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The rap on BRK growth prospects, at least as compared to its history, is that the enormous size engendered by its success makes it increasingly difficult to move the needle.

Really exciting growth tends to happen in smaller companies. But today even spectacular performance by a five-hundred million dollar acquisition is likely to barely budge Berkshire earnings. In the early years that would have been enormous. Now it approaches insignificance. So great decisions have far greater impact in the beginning, when the enterprise is relatively small, than they do now, when the enterprise is among the largest in the world.

Big acquisitions originate at the top, and that seem likely to continue as long as WEB — the greatest investor of all time — is at the helm.

Todd and Ted appear to be an attempt to mitigate the size encumbrance by multiplying the prospect of gains from smaller investments. I believe the initial 3% stake in PCP was acquired by T/T. Leave it to WEB to mine synergy from this.

PCP brings a talented acquirer on board in a position of significant influence. If PCP, a tenth the size of BRK, continues to sensibly agglomerate in its rapidly growing niche, then BRK is assured dominance in that significant sphere of economic activity.

It's no accident that recently acquired Heinz has rapidly added the most popular mustard to its dominant ketchup in merging with Kraft.

So the way forward with comparable gains may be through acquisition delegation, both to investing geniuses like T/T and to operating entities like PCP, as well as to outside investment partners like 3G. It's long been known that Berkshire companies are encouraged to seek opportunities for organic growth within their sectors, resting assured there's ample financing available for any qualified opportunities.

All this suggests to me that highly decentralized diversification, implemented within a lifetime of sensible acquisitions, may be the key to perpetuating extraordinarily rapid growth.

What are your thoughts on this?

Tom
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Dear Tom,

I hope that you are correct....  Because we are going to live off of Berkshire for a good while.

Size is an anchor.  Warren cannot buy everything and beat the market, because the more he buys, the more he becomes "the market".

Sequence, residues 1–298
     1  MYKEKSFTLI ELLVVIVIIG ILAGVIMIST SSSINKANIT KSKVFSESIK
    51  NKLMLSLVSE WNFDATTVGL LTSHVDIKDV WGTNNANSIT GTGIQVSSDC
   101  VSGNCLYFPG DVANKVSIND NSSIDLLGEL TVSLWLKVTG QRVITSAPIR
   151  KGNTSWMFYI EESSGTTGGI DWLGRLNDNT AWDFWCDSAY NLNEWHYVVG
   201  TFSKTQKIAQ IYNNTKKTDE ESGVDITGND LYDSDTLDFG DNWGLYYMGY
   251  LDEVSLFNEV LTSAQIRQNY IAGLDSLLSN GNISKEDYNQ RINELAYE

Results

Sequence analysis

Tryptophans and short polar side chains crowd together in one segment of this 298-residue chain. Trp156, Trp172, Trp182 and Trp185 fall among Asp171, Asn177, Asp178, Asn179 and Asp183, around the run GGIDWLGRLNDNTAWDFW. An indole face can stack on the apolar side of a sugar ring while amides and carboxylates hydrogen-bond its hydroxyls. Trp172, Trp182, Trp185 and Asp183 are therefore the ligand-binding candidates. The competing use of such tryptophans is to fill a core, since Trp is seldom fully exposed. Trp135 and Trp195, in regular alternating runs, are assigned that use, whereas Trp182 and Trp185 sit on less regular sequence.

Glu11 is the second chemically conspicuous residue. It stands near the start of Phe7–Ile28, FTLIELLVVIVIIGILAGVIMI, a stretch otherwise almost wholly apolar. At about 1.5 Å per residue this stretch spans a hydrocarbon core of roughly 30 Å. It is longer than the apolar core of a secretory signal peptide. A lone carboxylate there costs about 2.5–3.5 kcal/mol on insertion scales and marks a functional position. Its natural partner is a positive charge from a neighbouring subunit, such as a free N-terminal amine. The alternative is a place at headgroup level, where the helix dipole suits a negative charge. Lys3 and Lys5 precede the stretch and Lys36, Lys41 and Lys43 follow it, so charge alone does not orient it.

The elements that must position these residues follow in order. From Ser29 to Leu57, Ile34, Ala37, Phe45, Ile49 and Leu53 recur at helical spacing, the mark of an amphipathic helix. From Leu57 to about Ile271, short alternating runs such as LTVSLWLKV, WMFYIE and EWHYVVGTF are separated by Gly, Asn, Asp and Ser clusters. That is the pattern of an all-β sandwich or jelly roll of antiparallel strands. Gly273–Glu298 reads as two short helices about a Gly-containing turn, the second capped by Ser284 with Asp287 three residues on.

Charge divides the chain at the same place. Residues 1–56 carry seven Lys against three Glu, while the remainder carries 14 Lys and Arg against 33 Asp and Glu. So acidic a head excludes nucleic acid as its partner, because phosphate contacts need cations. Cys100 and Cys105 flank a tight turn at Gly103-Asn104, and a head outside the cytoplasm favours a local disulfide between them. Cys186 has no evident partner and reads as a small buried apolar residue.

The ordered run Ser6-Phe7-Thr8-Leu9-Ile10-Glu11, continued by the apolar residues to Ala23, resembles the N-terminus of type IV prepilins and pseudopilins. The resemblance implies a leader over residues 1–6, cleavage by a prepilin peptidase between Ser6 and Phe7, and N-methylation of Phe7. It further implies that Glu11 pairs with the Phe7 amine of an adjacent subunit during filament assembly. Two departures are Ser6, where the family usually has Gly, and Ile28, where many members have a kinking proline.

How can Warren outperform himself?  

This is an obviously simplistic view... but is there some merit in it?

On the other hand if Warren buys half of all of the Wilshire 5000, or whatever, but only the "good" half, how would that play out?

Seems that the game gets harder as size grows.  

But then, what the heck do I know?  

Sincerely,

jan

:^|
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Size is an anchor. Warren cannot buy everything and beat the market, because the more he buys, the more he becomes "the market".

I'm thinking that highly diversified acquisitions executed by talented investors with disparate corporate origins may optimize upon small company growth. That strikes me as Berkshire today, infused with the spirit of Buffett.

Not all BRK holdings are the same, of course. Newspapers and candies, while profitable, aren't in explosive market niches. Aerospace (PCP) is explosive. Transportation (BNSF) is explosive.

Yet acquisition opportunities for BNSF are likely limited, as railroading is mature and stable. Of course that outlook could quickly change given a broadened self-identity for BNSF.

I'm intrigued by the prospect of highly diversified quality acquisitions offsetting any encumbrance of size.

Tom
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"What are your thoughts on this?"

I think your "decentralized diversification" hits the nail on the head.

Obviously as BRK gets bigger it takes a bigger acquisition to move the needle (and the universe of companies that BRK can buy that would move the needle gets smaller and smaller). One possible solution to the problem is that instead of looking at big companies to move the needle, why not acquire a whole bunch of smaller companies to that would collectively move the needle. The problem with that solution is complexity. Buffett does not have the bandwidth the investigate, purchase, and then oversee the thousands of small companies it would require to collectively move the needle at Berkshire.

So unless we figure out how to clone Buffett and make 100 copies of him and give each copy $1 billion to invest in small companies, this isn't really an option.